"That division, I-Justice of Toren and I-One Esk, was not, I have come to think, a sudden split, not an instant before which "I" was one and after which "I" was "we". It was something that had always been possible, always potential. Guarded against. But how did it go from potential to real, incontrovertible, irrevocable?
"On one level the answer is simple - it happened when all of Justice of Toren but me was destroyed. But when I look closer I seem to see cracks everywhere. Did the singing contribute, the thing that made One Esk different from all other units on the ship, indeed in the fleet? Perhaps. Or is anyone's identity a matter of fragments held together by convenient or useful narrative, that in ordinary circumstances never reveals itself as a fiction? Or is it really a fiction?"
'Ancillary Justice' is a good ol' fashioned space opera, with all the scale and interplanetary trappings that those of us who are fond of the genre miss while we're away. But it's also an uncompromising look at individuality and what that means for hive minds and their component parts, or, on another level, small cogs in a large machine. It's also a nuanced exploration of the legacy left behind by empires as they run out of space to expand into, and of the subjectivity of gender and the cultural assumptions embedded in all of us. Clearly there's a lot going on here. But Ann Leckie manages all of this in a book that's a concise and enjoyable read.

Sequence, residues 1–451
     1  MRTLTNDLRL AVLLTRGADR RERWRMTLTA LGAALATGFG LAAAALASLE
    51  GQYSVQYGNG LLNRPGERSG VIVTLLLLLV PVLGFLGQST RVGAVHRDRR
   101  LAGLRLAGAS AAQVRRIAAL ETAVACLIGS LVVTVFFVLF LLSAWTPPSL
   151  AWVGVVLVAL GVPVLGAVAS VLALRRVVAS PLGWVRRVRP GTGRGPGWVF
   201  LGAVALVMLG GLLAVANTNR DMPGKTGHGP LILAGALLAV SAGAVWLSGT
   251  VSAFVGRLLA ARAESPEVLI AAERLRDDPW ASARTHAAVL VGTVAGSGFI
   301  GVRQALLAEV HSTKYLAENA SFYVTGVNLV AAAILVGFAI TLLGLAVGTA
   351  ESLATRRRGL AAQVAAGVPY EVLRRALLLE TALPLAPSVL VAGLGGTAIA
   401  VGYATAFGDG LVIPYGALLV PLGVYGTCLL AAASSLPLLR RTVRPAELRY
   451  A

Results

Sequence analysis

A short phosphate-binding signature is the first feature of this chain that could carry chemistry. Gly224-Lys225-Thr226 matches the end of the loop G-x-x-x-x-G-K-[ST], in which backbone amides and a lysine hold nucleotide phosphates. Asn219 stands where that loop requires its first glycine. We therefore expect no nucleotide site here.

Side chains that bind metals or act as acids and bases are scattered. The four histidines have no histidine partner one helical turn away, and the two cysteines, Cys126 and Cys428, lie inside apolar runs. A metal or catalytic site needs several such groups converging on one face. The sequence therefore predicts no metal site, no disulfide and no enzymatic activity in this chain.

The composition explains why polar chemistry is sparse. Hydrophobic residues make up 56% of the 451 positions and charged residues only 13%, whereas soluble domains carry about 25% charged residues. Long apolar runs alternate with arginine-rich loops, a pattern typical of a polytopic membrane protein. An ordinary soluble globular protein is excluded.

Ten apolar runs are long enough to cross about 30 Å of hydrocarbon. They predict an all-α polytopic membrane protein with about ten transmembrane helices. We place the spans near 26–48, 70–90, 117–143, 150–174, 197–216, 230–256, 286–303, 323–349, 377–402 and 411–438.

The book follows Breq, who used to be Justice of Toren, a massive interstellar battleship with a hive mind made up of the ship and its ancillaries, AI soldiers made from the zombified corpses of previous battles. Justice of Toren is part of the armed forces of the Radchaai, a powerful interstellar empire much feared by their enemies (read: anyone who happens to be in their way). But an act of betrayal has destroyed the ship and all the other ancillaries, leaving Breq alone to take revenge against the person who took everything from her.